Having flown Concorde for British Airways as a co-pilot between 1977 and 1989 and as a captain and chief pilot since 1995, Mike Bannister has been at the sharp end of the aircraft for much of his career. He was deeply involved in the return to flight effort following the Paris accident in July 2000, and will almost certainly be at the controls for the last flight.
When I joined British Airways' predecessor airline BOAC in 1969 as a pilot and flight navigator on the Vickers' VC10 fleet, commercial supersonic travel was still seven years away. That momentous day came on Wednesday, 21 January 1976 and, since then, the British Airways' Concorde fleet has flown over 2.6 million passenger journeys travelling at Mach 2, at up to 60,000ft in a fundamentally hostile environment.
It is an environment whose other occupants dress in space suits, while our customers have been relaxing in lounge suits. That we have managed to do this remarkable feat over a 27-year period is a great tribute to the designers, engineers, test pilots and flight crew who brought a mid-1950's dream to life.
It is also a great tribute to the whole British Airways' team that has operated and supported the aircraft during times that were by turn triumphant and challenging. Times that have seen the rest of aviation develop from the 707 and VC10 to the 777 and A380.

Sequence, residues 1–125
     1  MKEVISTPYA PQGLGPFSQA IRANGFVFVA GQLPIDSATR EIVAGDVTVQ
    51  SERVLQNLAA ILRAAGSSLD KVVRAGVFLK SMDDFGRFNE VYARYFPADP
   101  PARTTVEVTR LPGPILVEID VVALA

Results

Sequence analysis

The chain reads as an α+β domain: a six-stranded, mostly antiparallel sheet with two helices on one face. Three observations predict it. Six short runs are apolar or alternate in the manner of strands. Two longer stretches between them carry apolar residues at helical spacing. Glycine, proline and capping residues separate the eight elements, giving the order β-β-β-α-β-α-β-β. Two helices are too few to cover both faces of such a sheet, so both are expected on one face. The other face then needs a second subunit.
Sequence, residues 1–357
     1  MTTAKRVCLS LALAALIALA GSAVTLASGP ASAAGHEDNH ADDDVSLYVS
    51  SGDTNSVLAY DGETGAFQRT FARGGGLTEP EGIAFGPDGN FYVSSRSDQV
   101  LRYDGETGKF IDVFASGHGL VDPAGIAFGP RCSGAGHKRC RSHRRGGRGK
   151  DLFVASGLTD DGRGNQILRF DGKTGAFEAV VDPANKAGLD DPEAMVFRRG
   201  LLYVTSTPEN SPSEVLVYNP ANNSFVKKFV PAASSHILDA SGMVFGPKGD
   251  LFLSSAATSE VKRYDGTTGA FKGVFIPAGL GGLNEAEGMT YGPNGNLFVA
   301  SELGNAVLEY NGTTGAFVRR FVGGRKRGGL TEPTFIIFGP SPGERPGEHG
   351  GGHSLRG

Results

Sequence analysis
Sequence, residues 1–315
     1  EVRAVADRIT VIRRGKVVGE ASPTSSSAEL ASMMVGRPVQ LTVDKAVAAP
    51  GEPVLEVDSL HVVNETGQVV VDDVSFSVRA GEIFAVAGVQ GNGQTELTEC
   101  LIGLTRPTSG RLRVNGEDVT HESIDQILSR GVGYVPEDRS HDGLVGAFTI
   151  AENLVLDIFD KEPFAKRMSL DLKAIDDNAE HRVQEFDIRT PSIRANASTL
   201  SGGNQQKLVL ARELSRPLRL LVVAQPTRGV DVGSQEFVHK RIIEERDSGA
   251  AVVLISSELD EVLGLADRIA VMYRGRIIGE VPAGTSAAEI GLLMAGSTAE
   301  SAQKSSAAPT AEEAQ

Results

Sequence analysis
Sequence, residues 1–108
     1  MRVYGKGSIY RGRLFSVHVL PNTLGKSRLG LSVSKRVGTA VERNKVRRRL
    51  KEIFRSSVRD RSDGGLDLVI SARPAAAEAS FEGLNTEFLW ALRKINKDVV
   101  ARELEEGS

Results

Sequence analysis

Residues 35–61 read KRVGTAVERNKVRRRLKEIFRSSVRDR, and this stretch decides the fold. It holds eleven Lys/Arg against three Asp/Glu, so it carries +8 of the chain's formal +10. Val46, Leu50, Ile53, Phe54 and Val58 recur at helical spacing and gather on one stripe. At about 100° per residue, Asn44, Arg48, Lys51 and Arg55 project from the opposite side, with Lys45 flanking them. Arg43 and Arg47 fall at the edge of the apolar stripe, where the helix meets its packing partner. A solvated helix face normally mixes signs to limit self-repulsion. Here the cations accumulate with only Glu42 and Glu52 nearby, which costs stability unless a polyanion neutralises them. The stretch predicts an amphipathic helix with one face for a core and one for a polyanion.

It has been an immense privilege to have flown Concorde for 22 years. If I had to choose just one highlight, it would probably be commanding Concorde for Her Majesty's Golden Jubilee celebrations last year, leading the Red Arrows down The Mall and over Buckingham Palace at 1,500ft. I knew that the flying would be exciting but the team work involved, and the sight of over one million people waving as they packed the Mall, the parks and the bridges, was unforgettable.
Recently, people have started asking me what I will personally miss most when Concorde retires. It would be easy to think of an aircraft that is an absolute delight to handle, a technological achievement that may never be surpassed, a time machine that literally travels faster than the Earth rotates.
All of this is true. But what I will miss most is the people. The customers that I've met and the colleagues that I've worked with will be my lasting memories.
Among flight crew, cabin crew, engineers and ground staff, a special bond has grown over the years. A small, focused team within a large organisation - "The Concorde Family". Among those still within BA and those who have retired this bond is very, very strong. It will outlive the retirement of the aircraft.
Much has been written, said and broadcast about Concorde in the last 27 years. Such is the appeal of the aircraft that I imagine much will follow in the next 27 years and beyond. To have been involved in such a piece of aviation history makes me both proud and humble beyond words.